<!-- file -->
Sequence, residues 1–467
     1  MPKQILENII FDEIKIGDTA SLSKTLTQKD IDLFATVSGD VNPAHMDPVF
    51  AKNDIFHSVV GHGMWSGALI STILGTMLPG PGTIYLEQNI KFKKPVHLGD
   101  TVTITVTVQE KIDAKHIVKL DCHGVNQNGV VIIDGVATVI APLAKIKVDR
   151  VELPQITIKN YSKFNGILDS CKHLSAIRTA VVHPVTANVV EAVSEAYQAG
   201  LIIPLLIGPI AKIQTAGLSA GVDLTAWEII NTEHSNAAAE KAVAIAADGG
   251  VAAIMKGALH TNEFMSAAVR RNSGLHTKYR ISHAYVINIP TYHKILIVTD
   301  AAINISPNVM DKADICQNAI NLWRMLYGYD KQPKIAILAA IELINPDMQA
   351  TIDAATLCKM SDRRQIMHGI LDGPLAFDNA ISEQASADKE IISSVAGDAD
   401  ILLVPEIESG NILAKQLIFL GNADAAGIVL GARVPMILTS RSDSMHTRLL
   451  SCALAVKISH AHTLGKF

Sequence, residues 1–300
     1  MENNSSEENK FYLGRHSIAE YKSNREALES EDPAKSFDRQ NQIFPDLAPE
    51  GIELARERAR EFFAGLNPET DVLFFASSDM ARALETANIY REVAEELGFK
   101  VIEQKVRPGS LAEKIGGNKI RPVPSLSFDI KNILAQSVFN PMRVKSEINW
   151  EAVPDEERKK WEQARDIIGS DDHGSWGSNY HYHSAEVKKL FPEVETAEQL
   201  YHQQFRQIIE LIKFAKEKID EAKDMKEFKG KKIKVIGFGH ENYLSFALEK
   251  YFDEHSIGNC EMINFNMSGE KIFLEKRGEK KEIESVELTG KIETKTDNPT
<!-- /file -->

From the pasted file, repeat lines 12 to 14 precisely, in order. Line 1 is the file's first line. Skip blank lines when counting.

Sequence, residues 1–300
     1  MENNSSEENK FYLGRHSIAE YKSNREALES EDPAKSFDRQ NQIFPDLAPE
    51  GIELARERAR EFFAGLNPET DVLFFASSDM ARALETANIY REVAEELGFK